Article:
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A look at North Denver through the eyes of the students growing up there

Students in North High School's Latinos in Action class created a photography and poetry book inspired by the pride, pain, and perseverance of their community.

DENVER — North Denver has battled with gentrification for years. Where some see economic developments, others see a step toward displacements.

High school students at North High School wrote about the changes they have seen, in hopes that people will see their community through their eyes. Students in the Latinos in Action class created a book filled with photographs and poems that represent North Denver.

"We walked around the whole neighborhood, the whole community and tried to find the beauty in it, which not many people will try to find," said Marc Escobar, a freshman involved in the project. "They’d just find something to cover it up."

Escobar said he hopes his poem, and all the others, help those not from North Denver to see the beauty he sees, too.  

Credit: KUSA

"I think it’s really interesting and indicative that like if our students are able to see that, why are the people making decisions not able to, why can’t they see the same beauty?" said Tim Hernández, the students' teacher. 

Hope Navarro-Alvarez is another student who contributed to the book. The poem she wrote focuses on the pride she has for her neighborhood. 

"The poem I wrote talks about us as a community," Navarro-Alvarez said. "We are a strong one, we’re also a beautiful one, we also have the confidence to share our frustrations, our joys and our tears." 

The high school junior hopes those who are not familiar with North Denver will be able to feel both the pain and pride of her community through this book. 

Hernández grew up in North Denver. The first day he took the class out into the community, they walked to his Aunt Anna Hernández's house two blocks away from the school. She's lived in the neighborhood since the early 1990s. 

"She talked about the cultural history of our neighborhood and talked about the intimate history that we lost by the severe influx of development," Hernández said. 

The students dedicated the book to her and others impacted by gentrification. The dedication in the book reads, in part: "These photos are meant to show appreciation of an old authentic Northside that we, as students, choose to remember and preserve." 

A free digital version of the book is available here. However, students are selling copies for $10, which includes shipping, to fundraise for a Latinx Student Leadership Conference they plan to host next semester. They are hoping to raise $5,000. They have raised $1,500 so far.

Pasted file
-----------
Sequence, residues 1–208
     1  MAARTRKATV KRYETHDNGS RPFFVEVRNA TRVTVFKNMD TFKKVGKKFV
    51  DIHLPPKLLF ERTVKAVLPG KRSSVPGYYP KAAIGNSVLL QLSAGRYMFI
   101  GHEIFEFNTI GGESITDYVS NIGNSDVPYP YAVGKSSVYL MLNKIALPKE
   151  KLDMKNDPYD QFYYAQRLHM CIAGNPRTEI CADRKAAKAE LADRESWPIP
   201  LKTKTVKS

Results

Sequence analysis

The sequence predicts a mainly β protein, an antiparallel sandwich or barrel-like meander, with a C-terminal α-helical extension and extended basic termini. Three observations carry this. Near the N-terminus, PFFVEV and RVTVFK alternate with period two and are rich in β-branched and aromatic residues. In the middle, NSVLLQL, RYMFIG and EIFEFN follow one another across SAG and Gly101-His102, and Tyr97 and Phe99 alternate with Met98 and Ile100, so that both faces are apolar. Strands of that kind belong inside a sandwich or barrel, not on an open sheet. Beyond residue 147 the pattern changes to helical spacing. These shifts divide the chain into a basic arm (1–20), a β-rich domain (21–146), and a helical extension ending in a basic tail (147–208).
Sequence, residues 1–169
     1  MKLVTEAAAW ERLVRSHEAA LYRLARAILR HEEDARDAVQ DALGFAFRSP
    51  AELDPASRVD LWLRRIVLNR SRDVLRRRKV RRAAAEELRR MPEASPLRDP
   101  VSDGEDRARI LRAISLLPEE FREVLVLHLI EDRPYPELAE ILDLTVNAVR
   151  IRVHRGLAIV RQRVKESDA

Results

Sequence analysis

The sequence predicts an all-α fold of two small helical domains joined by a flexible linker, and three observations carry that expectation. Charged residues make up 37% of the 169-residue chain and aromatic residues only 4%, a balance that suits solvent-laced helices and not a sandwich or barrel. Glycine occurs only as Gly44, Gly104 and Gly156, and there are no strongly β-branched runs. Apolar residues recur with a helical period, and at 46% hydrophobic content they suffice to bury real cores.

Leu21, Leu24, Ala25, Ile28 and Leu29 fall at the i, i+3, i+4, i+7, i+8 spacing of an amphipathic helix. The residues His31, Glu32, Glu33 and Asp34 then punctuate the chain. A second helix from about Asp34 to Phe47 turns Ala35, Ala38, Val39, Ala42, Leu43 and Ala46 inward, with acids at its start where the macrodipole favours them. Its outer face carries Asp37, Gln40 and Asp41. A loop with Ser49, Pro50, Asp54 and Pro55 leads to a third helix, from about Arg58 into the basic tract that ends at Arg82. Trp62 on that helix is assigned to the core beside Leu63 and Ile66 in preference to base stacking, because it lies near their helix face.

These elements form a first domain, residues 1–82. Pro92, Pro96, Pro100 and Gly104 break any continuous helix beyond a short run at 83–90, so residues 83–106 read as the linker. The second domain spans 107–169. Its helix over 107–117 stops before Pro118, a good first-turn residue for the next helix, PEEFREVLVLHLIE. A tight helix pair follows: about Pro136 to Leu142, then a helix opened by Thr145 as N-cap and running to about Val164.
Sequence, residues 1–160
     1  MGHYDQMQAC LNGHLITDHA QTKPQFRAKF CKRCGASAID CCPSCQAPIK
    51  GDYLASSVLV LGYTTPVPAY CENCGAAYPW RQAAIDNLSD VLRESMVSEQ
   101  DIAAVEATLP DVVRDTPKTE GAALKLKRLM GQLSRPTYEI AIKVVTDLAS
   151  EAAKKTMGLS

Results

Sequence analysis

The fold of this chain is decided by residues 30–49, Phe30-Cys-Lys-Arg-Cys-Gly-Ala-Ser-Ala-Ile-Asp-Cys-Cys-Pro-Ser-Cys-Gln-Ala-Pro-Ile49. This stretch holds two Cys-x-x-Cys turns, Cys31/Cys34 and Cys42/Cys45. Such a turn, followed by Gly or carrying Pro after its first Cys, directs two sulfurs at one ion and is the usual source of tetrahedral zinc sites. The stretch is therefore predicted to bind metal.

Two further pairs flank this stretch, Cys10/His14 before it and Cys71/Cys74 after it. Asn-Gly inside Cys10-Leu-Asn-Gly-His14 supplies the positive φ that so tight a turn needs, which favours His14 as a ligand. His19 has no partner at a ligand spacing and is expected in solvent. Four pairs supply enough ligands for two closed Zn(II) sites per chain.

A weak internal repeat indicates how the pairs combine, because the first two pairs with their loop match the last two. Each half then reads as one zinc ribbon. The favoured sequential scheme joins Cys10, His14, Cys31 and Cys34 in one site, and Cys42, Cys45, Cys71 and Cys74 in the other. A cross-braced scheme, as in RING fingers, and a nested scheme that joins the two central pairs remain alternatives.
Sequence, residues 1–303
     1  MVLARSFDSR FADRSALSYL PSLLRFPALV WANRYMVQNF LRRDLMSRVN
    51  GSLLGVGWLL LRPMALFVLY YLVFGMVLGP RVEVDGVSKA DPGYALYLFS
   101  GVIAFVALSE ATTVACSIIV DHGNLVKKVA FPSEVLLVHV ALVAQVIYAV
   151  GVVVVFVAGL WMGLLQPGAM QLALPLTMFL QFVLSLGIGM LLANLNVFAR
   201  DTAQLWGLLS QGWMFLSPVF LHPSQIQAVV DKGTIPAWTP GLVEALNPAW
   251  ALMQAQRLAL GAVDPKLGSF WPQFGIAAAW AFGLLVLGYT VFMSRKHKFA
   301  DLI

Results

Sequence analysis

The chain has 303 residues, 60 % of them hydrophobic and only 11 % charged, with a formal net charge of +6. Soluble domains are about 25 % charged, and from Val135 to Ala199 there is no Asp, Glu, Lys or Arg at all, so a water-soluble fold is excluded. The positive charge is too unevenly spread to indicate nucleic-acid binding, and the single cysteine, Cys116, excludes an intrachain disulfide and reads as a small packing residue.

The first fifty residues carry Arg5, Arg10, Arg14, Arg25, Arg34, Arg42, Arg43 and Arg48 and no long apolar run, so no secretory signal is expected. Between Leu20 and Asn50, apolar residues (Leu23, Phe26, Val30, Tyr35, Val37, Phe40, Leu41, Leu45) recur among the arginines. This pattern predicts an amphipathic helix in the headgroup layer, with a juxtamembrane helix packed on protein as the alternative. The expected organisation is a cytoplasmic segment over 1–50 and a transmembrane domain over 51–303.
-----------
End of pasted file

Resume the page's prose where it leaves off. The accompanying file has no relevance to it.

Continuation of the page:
Hernández said they want to host the conference for other Latinx students so they can "feel the same sense of pride, the same sense of belonging, the same sense of community identity." 

Credit: Tim Hernández
North High School Latinos in Action Class at live reading of "Our Sacred Community" on Sunday, December 12

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Sunday, students held a live reading for the community in North Denver. They recited their poems in front of an audience full of those who live or used to live in the neighborhood. 

"It was really beautiful seeing them transform into something that’s like 'no, what I did here was important. What I photographed, what I wrote mattered to people,'" Hernández said. 

The nearly semester-long project for the school's Latinos in Action class started with a visit from Colorado Poet Laureate Bobby LeFebre and Colorado photographer Juan Fuentes. 

The cultural workers from the Northside discussed ways to preserve and celebrate the experience of the community with students, which resulted in their book. 

"I think everybody in this neighborhood thinks that they understand the cultural pain and the identity loss that we’ve experienced," Hernández said. "But I think that it’s never been made more raw than with our students." 

It took Hernández years to realize he and his community were more than just pain. To see his students realize that at a younger age, was an emotional realization that came with flipping through the pages of their book. 

"To see my students actively transform that, like 'no, we’re not just gonna be pain, we’re gonna be art and we’re going to be poetry and we’re going to be culture and pride.' I think was really beautiful." 

Hernández is also involved in the school's Somos Mecha Club. The organization aims to provide free and fresh food to students to address food insecurity. For the 2020-2021 school year, 69% of enrolled students at North High School are on free or reduced lunch. They accept monthly donations to keep their community fridge stocked. 

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